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Rediscovering AnimalsĀ 

Stabilizing Population

Today we consider #2 in Rob Dietz's engaging scenarios for the steady state in "Enough Is Enough," the no-growth economics text that should be required reading. In #1 we mentioned efficiency, the need to conserve, economize, recycle, consume responsibly. Rob said "We can consume enough to meet [our] needs...without undermining the life-support system of the planet."

The planet doesn't go on forever, but our population growth seems to be doing just that, at a faster and faster rate. Education and consensus and women's rights have stabilized the population in Europe and some other places. It's clear we can do this without being told we have to.

Marq deVilliers in "Our Way Out" puts it this way "Growth has to stop, and this does not imply economic stagnation and distress. Like it or not, population has to be stabilized. Unrestrainable resource depletion has to be terminated." I know this all too well. I love raising chicks so much, when I go into the feed store I will find any excuse to get a few more. Well, no more. Now that I'm preaching steady state ethics, I'd better realize that the Hen House in winter and the pen, even the yard, in summer is only so big. Enough geese, turkey, ducks, chicken, and two dogs is enough.

It's only been fifty years, the pundits say, since we have come to believe that growth is an "unquestionable dogma." The problem is that growth now costs the planet--and us--more than it is worth. Touting growth to supply more jobs so people can buy more stuff so there will be more jobs is a nasty trap, and we need to recognize that, sooner than later. Herman Daly points out that there are only two ways to get to a stable, no-growth economy. 1) Either growth fails and leads to unemployment and suffering or 2) steady state policies succeed, which they can because they are based on the realities of resource limits, not fictitious human behavior and fairy tale technology. We can do the limits to growth.

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Downsizing On a Scale Grander Than the Hen House

The guantlet was thrown down yesterday. Time to get busy. First, a quote from Rob Dietz and Dan O'Neill's ENOUGH IS ENOUGH--Putting aside our "...obsession with economic growth...[we can achieve] prosperity over the long run." Dietz and O'Neill's book

We can do this. It will not be easy, but the sooner we start the easier it will be. The first thing on the authors' list is easy enough 1) "...choose to consume energy and materials responsibly, conserving, economizing, and recycling..." i.e. mindful turning off the lights when you leave a room. There must me a gazillion things like that to do, especially for industry. I think it was DuPont that saved millions. On Varok every drop of water is captured and reused throughout the lodge and in the locale. Read The Archives of Varok.

I have to admit--sometimes, after I've filled the birds' water dishes outside the Hen House, it's easier not to walk up the hill to shut off the hose . I think to myself, "It will only take five minutes to put lay pellets and corn in the birds' dishes--maybe another three minutes to freshen their straw. Okay. Okay. I'll walk up the hill and shut off the water. At 22 seconds per gallon, letting it run for eight minutes would waste 22 gallons. Something to remember. Here in the dry southwest, we get our water from deep wells in an ancient aquifer whose level is dropping at an unsustainable rate. Precious stuff, that ancient water my geese and ducks bathe in--first thing, even before they take a beak-full of breakfast. They do appreciate it. (Maybe my sponge bathing is all I need today. My hair won't get stringy until tomorrow or Wednesday.)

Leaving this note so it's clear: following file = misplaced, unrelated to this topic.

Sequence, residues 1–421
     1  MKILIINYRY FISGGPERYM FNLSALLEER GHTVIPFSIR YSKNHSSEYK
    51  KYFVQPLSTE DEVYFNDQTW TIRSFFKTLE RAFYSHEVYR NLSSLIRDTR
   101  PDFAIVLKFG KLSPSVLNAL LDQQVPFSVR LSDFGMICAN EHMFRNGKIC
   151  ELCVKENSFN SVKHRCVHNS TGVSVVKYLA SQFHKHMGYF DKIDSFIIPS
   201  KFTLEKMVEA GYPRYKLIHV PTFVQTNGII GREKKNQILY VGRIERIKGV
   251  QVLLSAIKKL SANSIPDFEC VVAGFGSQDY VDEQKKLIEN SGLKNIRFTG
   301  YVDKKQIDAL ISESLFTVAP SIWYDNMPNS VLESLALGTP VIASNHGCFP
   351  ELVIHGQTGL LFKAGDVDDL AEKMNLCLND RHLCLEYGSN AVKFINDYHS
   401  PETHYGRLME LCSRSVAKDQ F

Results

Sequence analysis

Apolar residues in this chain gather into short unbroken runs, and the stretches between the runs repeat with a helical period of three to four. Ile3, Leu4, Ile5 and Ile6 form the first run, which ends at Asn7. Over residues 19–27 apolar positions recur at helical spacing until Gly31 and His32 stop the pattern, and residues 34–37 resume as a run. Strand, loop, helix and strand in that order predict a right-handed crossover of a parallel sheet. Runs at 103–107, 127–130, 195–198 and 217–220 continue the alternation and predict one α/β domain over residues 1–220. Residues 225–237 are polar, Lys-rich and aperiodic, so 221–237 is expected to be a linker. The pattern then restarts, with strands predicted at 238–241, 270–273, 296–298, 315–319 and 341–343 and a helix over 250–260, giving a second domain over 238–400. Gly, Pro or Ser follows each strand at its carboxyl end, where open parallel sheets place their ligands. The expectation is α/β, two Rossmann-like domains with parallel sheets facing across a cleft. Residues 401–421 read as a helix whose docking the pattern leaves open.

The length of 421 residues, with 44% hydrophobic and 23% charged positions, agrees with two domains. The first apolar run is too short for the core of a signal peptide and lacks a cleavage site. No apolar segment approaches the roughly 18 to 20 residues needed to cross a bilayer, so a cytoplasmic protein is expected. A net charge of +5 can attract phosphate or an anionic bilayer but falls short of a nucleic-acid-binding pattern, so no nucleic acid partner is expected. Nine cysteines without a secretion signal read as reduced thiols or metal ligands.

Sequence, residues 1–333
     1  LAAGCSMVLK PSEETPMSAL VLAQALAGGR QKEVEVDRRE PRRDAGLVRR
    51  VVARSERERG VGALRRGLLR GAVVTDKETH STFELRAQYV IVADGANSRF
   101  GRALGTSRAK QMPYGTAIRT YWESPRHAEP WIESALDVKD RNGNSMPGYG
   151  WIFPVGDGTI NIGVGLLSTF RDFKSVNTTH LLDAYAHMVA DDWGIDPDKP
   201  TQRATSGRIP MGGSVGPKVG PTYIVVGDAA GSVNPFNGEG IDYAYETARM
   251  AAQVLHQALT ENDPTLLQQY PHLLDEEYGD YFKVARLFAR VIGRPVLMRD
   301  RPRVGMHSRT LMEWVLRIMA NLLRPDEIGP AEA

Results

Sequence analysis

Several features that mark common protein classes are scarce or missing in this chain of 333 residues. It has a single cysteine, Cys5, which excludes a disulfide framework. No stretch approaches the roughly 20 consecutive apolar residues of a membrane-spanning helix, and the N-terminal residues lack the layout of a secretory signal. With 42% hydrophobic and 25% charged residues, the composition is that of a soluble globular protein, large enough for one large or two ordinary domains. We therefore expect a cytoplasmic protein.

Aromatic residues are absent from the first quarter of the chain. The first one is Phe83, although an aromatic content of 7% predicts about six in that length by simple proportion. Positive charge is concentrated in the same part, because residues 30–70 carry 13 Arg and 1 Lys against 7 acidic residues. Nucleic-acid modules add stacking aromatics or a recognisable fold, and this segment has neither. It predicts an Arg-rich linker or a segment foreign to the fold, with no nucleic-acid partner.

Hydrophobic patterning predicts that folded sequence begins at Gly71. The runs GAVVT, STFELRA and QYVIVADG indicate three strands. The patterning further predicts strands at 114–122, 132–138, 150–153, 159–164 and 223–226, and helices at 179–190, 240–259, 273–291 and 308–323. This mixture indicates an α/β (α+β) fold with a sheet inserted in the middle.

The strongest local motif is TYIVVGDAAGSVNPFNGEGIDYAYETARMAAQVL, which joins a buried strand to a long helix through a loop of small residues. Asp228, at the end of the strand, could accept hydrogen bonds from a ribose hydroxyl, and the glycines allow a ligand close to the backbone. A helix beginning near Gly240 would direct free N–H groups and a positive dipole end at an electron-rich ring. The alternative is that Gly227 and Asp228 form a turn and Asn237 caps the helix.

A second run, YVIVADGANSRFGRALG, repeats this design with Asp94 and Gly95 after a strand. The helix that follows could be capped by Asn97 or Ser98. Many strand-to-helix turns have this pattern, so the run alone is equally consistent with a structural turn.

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"Enough Is Enough" Not A Cliche--A Critical Book by Rob Dietz and Dan O'Neill

The rumors are true. I am reading Robert Fishe's "The Dimwit's Dictinary cover to cover. I'm underlining it too. What? You heard me. (Ha! I just looked up that phrase. He forgot that one.) I said, I'm underlining words and phrases that I probably would use, phrases like "express (concern)" or "attitude." Fiske lists helpful alternative words, sometimes, so I'll continue reading and underlining. I'm up to G. I'm sure his book will help me in the ongoing struggle to ramp up my verbiage to new heights. (Ooops. No, that one's not there, either.)

That said, I'm moving on. (Ha again! Neither phrase is listed, but "moving forward," is.) I'm going to express my doubts about the phrases listed in the Dimwit's Dictionary. Some are too useful; they express too precisely what I mean to say, sometimes with a tone that no alternative phrase or word captures. Take, for example, the title of Rob Dietz and Dan O'Neill's excellent, concise summary of why we need to do this and that to begin the conversion to a steady state, now. "Economics for Dummies?" No! It's called "Enough Is Enough." Rob thought long and hard about using that title. A search can get 150 hits on the phrase. But it says exactly what they wanted to say, and I agree. They say why. They say how to make a steady state work for the betterment of all. It's a text that should be required reading in every school in the country, important for all of us to read before we can't stop imploding. I doubt that the title will hurt his sales. Enough Is Enough memorable and right on target. Just be sure to add the Dietz and O'Neill to your search. Here's an url to help. Enough Is Enough

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